WHEN: June 17–August 19, 10:00 AM-5:00 PM
WHERE: The Walters Art Museum, 600 N. Charles Street, Baltimore
This summer, the Walters Art Museum will present Public Property, an exhibition collectively created by the public. In 1931, the museum’s founder Henry Walters bequeathed the core collection of the Walters to the City of Baltimore “for the benefit of the public.” The Walters’ art is owned by the public, and it is the public who will determine what this exhibition will be.
From Dec. 2011–March 2012, a series of public choices were made, from deciding the exhibition title and theme, to selecting artworks. While on view June 17–Aug. 19, 2012, visitors will continue to contribute to, and change, this exhibition. (Left: Museum educators use tablet computers to invite visitors to record their choice of artworks)
“At a time of increasing concern about equity and democracy within society, from the Occupy Wall Street movement to the Arab Spring, I’ve been thinking more about the role of museums not only to act as expert but also to encourage civic participation in our exhibition process,” said Walters Director Gary Vikan. “This exhibition aims to be socially engaging and work with the public in a collaborative manner as an experiment and experience for both the participants and the museum itself.”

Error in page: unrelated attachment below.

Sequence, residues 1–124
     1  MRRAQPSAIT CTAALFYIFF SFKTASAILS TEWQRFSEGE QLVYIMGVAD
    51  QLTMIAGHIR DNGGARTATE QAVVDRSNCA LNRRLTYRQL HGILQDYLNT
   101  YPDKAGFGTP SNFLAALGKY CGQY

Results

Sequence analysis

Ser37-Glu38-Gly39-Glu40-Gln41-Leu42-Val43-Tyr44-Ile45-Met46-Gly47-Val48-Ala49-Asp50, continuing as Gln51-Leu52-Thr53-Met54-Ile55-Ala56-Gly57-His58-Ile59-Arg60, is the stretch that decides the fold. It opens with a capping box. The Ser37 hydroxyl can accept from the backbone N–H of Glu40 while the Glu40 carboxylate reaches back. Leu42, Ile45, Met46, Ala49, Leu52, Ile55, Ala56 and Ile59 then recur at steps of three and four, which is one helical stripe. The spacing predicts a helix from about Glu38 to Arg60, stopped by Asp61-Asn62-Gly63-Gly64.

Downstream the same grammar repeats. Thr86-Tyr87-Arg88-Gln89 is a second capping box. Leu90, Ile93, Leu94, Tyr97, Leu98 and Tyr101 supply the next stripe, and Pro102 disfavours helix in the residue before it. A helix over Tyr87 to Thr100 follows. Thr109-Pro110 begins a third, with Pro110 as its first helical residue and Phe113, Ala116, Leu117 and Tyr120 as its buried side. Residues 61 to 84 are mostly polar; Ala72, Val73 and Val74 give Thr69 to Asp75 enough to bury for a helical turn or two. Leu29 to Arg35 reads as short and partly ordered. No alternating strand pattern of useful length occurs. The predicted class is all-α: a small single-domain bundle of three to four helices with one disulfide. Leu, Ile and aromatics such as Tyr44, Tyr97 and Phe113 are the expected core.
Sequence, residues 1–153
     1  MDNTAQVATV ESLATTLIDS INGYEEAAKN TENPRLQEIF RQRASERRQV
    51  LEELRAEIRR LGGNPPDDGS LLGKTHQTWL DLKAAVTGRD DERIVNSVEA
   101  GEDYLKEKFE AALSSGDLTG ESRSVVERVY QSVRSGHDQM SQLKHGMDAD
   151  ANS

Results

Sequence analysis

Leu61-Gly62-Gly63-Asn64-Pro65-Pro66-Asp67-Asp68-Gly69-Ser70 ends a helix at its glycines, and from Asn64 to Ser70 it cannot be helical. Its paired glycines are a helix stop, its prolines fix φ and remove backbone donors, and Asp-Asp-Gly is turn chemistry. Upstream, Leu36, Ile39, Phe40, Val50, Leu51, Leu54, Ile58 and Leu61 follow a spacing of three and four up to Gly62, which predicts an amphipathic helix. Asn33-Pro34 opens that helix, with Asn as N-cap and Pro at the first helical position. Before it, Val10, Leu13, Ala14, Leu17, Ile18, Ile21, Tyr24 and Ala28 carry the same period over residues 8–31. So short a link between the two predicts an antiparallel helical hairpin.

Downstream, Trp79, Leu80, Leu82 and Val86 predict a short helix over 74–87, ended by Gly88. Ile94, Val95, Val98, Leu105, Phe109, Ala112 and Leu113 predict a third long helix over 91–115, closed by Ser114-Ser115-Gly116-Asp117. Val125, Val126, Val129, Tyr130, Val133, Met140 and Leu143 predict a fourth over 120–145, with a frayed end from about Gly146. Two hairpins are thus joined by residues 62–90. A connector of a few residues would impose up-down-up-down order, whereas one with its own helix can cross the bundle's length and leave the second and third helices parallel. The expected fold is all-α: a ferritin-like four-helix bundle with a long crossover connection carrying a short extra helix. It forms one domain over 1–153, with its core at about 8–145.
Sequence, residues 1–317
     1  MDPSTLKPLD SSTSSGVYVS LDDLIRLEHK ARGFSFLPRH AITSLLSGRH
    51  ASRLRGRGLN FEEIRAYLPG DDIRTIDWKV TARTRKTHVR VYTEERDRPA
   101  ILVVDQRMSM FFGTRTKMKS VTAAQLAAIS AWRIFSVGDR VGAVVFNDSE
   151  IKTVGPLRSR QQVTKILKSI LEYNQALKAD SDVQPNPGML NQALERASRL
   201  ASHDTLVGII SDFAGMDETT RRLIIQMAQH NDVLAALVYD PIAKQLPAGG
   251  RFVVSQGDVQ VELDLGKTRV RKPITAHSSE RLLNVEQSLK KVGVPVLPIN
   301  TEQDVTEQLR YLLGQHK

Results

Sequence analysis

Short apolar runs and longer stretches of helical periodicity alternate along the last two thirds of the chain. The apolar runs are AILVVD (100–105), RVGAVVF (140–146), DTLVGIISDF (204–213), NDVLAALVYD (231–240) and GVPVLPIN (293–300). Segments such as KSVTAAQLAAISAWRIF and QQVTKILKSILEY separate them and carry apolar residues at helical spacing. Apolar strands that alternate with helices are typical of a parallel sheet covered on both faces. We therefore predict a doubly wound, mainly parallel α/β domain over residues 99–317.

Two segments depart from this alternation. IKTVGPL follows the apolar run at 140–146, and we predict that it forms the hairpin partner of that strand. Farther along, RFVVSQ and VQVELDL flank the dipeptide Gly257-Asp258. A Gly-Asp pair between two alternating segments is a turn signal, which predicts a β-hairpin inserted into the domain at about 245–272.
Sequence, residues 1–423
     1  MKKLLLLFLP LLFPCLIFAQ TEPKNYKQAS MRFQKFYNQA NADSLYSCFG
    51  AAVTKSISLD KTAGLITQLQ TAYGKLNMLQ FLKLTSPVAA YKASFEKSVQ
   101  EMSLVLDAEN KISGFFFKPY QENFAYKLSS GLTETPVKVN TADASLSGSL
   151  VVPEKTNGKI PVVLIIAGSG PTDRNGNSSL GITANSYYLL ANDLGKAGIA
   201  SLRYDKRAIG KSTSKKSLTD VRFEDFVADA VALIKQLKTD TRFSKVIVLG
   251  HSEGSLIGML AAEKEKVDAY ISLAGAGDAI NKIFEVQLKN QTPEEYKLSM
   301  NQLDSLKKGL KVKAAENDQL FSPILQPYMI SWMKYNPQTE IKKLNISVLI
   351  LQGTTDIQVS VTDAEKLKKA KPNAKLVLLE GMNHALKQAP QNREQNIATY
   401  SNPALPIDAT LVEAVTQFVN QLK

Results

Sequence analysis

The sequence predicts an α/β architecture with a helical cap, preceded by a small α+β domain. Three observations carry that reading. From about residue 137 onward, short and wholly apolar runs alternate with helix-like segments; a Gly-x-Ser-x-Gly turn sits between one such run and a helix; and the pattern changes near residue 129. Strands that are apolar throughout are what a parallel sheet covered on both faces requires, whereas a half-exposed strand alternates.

The first stage of the planning process ran from Dec.1–18, 2011. The public used the Walters’ works of art site to curate collections of artworks and tag them with keywords. The Walters’ exhibition team analyzed collection tags to determine some popular themes that emerged from the online collections, including adornment, military, creatures and death. A vote was held, both online and at the museum, from Dec. 23, 2011–Jan. 8, 2012, to determine the exhibition theme. Creatures was the theme that received the most votes, ultimately becoming the publically determined theme for the exhibition. The team then selected a large group of artworks for the public to vote on related to creatures. (Right: This poker chip voting station invites museum visitors to select a theme for the exhibition.)
The public selected a total of 106 artworks to be part of the exhibition, including Antoine-Louis Barye’s watercolor, Running Jaguar, and an Indian work on paper ca.1675, A Wild Boar Hunt (left). A selection of the 23 most admired paintings will be displayed within the exhibition. Other artworks, including manuscripts and three-dimensional objects, will be featured on a “wall of fame,” which will display images of the artworks along with labels and information about their popularity. Due to conservation concerns about the fragility of certain objects, the “wall of fame” enables the Walters to honor public choices and feature artworks chosen by the public, even if the objects cannot be physically exhibited.